The semicircular medial meniscus of an adult male is approximately 3.5 cm in diameter.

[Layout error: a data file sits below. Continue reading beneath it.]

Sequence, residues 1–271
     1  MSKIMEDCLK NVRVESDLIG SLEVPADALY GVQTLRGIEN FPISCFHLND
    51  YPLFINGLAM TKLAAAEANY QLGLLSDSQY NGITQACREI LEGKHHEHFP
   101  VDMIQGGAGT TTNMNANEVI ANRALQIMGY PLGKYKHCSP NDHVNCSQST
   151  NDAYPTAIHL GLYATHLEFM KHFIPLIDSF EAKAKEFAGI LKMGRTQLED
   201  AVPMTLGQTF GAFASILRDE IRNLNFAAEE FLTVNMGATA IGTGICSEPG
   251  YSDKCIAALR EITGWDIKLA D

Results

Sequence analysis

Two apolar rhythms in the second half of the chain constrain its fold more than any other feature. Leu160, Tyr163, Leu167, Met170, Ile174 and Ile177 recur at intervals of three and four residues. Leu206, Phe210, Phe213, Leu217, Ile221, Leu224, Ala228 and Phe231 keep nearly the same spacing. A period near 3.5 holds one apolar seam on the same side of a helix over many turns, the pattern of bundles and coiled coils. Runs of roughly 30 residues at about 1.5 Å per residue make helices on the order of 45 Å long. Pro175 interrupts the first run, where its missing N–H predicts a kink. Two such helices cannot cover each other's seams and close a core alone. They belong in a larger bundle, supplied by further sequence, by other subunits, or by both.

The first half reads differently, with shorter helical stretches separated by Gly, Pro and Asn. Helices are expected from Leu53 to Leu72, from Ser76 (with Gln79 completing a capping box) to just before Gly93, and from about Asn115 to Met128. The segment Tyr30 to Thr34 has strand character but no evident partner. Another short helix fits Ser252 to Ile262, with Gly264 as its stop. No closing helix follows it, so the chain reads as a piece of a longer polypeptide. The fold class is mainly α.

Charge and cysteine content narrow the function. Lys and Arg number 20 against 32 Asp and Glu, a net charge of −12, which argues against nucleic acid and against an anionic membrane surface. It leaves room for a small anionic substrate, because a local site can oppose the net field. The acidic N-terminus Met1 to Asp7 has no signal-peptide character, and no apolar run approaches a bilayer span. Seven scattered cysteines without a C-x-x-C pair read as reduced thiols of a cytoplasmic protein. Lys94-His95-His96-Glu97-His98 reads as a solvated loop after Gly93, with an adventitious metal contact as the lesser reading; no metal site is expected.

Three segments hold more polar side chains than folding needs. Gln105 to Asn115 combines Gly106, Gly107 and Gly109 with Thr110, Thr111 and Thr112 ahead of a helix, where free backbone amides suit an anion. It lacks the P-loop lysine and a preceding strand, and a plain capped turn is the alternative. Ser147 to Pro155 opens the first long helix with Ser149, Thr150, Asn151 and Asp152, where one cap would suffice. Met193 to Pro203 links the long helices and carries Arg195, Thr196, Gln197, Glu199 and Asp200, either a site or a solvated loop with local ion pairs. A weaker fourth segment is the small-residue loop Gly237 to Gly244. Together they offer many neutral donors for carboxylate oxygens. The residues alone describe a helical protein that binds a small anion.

It covers 60% of the medial tibial plateau articular cartilage and is less mobile than the lateral meniscus. The transverse intermeniscal ligament connects the anterior horns of the medial and lateral menisci. An additional point of anterior attachment to the plateau can be found in front of the ACL in the region of the intercondylar fossa. Along the entire periphery of the meniscus, the coronary ligament attaches the meniscus to the joint capsule and the tibial plateau. At the body of the medial meniscus, the attachment to the capsule is reinforced by the deep fibers of the medial collateral ligament. These fibers, called the posterior oblique ligament, tether the meniscus and allow it to function in a role similar to that of a block placed behind the tire of a car to prevent rolling. By blocking the rolling of the femoral condyle, the meniscus helps resist anterior tibial subluxation. The posterior horn is attached to the posterior intercondylar fossa between the lateral meniscus and the posterior cruciate ligament